- The Washington Times - Sunday, December 4, 2016

OXON HILL, Md. — General managers began filtering into the glass-heavy Gaylord National Resort and Convention Center on Sunday afternoon. They were able to use the day to settle into their suites and move one step closer to launching baseball’s annual business bazaar, the winter meetings.

Baseball’s decision-makers will be assembled at National Harbor for the next three days. Commissioner Rob Manfred is in town. Team executives, players looking for jobs and profit-seeking agents will cross paths to collaborate on moves that could determine next season’s pennant winners.

In the run-up to the meetings, no team in baseball has been connected to more drastic maneuvers than the Washington Nationals. They are linked to three prominent names — Andrew McCutchen, Chris Sale and Mark Melancon — two months after another first-round elimination in the playoffs. Each would have massive influence on the framework of the team. They would also come at a steep cost.

Melancon stabilized the Washington bullpen after being acquired July 30 for reliever Felipe Rivero and minor league pitcher Taylor Hearn. Jonathan Papelbon had turned the closer’s spot into a stomach-churning spectacle whenever he entered the game. Melancon curbed the tumult with his difficult-to-hit cut fastball. In 30 appearances, Melancon’s ERA was 1.82. He allowed just a .224 on-base percentage. Melancon worked quietly with elite effectiveness.

His easy-going demeanor was a fit in the Nationals’ clubhouse, where he took over for the bombastic Papelbon. Each were embraced for their personal traits. Those traits were just distinctly different, as were their results on the mound.

The success with Washington was not a blip for Melancon. From 2013-16, his ERA was 1.80, his WHIP 0.91, his strikeout-to-walk ratio almost 6-1.

Those numbers — and the Nationals’ limited internal options to fill the closer’s role — make Melancon a premium offseason target for Washington. Being a free agent makes him the same for multiple other teams. And, paying a hefty price, such as $15 million annually, for his position, would be a departure for Nationals general manager Mike Rizzo.

Since Rizzo took over in 2009, here is the list of names that have at least 10 saves for the Nationals: Mike MacDougal (20), Matt Capps (26), Drew Storen (43, 29, 11), Tyler Clippard (32), Rafael Soriano (43, 32), Papelbon (19), Melancon (17). Almost annually, the closer is someone new and inexpensive. Clippard topped out at $5.87 million when he played for the Nationals. Storen at $5.7 million. The only comparable expenditure to Melancon came when Rizzo signed Soriano for two years at $14 million annually, with a chunk of the money deferred. Melancon, 31, is likely seeking a four-year contract, not two.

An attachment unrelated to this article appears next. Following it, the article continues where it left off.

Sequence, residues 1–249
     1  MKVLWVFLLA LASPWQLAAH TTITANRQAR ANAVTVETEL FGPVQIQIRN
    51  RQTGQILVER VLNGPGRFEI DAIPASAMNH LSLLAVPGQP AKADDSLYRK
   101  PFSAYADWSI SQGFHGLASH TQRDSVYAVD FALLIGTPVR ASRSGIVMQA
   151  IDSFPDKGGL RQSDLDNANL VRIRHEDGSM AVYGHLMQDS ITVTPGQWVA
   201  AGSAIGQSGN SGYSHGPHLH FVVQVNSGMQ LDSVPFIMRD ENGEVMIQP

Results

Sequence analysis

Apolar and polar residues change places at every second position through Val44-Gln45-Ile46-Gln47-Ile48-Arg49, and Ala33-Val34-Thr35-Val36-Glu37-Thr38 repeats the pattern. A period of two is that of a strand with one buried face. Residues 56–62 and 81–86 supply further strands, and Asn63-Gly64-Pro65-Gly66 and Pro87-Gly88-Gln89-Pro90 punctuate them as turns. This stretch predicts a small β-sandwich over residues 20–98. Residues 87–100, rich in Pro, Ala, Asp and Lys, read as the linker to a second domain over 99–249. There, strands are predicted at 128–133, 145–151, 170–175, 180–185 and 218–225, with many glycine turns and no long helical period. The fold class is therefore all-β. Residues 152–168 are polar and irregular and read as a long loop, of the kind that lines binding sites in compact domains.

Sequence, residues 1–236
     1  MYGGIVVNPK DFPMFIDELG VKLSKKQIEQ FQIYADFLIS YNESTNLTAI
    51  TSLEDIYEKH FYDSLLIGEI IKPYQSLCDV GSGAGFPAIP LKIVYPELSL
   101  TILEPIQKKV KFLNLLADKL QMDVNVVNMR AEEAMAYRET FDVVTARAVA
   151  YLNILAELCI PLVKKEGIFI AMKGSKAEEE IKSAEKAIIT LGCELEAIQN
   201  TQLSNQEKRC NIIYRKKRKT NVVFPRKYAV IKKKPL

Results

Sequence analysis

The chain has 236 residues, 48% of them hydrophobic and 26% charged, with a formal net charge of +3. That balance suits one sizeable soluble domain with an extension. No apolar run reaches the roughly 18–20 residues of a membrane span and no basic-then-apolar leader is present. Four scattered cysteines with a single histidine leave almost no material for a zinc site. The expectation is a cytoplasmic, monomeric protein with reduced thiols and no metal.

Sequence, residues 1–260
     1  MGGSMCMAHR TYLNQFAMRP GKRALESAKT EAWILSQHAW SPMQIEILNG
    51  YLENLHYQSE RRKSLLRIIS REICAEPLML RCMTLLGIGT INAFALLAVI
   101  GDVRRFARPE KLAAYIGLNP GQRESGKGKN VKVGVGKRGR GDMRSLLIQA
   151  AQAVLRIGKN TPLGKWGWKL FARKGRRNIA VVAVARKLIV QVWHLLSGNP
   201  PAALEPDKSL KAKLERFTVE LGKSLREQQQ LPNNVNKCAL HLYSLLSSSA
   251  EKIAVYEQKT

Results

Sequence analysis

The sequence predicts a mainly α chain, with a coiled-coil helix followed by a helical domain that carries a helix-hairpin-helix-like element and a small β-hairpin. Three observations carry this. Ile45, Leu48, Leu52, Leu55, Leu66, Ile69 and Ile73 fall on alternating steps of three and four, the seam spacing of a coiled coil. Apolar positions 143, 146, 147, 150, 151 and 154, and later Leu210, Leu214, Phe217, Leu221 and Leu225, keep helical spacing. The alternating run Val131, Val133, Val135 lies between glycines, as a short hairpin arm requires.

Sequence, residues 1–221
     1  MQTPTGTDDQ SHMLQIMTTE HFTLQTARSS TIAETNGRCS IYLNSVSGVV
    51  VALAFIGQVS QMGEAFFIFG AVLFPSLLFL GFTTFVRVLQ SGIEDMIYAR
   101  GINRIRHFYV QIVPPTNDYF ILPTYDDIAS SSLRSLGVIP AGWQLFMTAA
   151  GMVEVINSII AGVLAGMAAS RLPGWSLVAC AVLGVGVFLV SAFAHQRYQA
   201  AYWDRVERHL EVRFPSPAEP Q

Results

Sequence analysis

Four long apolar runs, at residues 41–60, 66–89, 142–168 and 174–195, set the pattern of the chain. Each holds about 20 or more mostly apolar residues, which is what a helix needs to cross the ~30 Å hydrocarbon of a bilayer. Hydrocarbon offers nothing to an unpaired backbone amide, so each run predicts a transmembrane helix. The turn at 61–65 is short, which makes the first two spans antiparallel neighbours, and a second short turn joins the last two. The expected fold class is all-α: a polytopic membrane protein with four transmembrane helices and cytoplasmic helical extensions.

Closer options on the roster are limited. Shawn Kelley could be a choice, if what drove him off the mound in his final appearance does not become a problem, which the Nationals have said it is not. Kelley had no feeling in multiple fingers after throwing a pitch in Game 5 of the National League Division Series, forcing him to leave the game. He has had ulnar collateral ligament replacement surgery (Tommy John surgery) twice. Outside of Kelley, there are minimal internal options.

Landing McCutchen could realign the Nationals’ lineup and positioning. The 30-year-old McCutchen would likely play center field, where he won a Gold Glove in 2012. That could move Trea Turner to shortstop and Danny Espinosa to a utility role. McCutchen could also be placed in the middle of the lineup to split Washington’s two prime left-handed bats, Daniel Murphy and Bryce Harper. McCutchen’s presence would fill the hole created by Wilson Ramos’ departure. Ramos was a first-time All-Star last season following his best year at the plate.

However, McCutchen is coming off the worst season of his stellar career. He hit just .256 last season for the Pirates, the only organization he has played for since being selected 11th overall by Pittsburgh in 2005. For three consecutive seasons, his OPS declined. He dipped all the way to .766 last season. He struck out a career-high 143 times. His slugging percentage dropped to .430. He also compiled a negative defensive WAR of -2.6.

Prior, McCutchen was one of the game’s best players. From his first full season in 2010 until 2015, McCutchen hit .299, averaged 30 home runs and put together an .890 OPS. He stole 22 bases each season, a part of his game that is almost gone now. McCutchen stole six bases last season and was thrown out seven times. His evaporating speed was also pointed at as a possible reason for his defensive decline.

He is under contract for two seasons, costing $14.2 million and $14.5 million, respectively, before becoming a free agent. The Pirates would expect multiple high-end prospects in return. They are reportedly eyeing 19-year-old outfielder Victor Robles as a starting point for the trade.

Bringing Sale to Washington is the biggest challenge in the group. Pittsburgh is turning over its roster, making McCutchen available. Melancon is a matter of contract terms in a place he felt welcomed and had success. Sale, on the other hand, has three reasonably priced years remaining on his contract. He is a five-time All-Star who has been a top-five finisher in American League Cy Young Award voting in each of the last four seasons. Being left-handed is the topper for a Washington rotation that could use a more reliable left-handed option than Gio Gonzalez. He would be part of a rotation featuring two-time Cy Young Award winner Max Scherzer, Stephen Strasburg and Tanner Roark. That would arguably be the best group in the league when healthy. Which is why the cost would be so high, even when drawing from a deep Nationals farm system.


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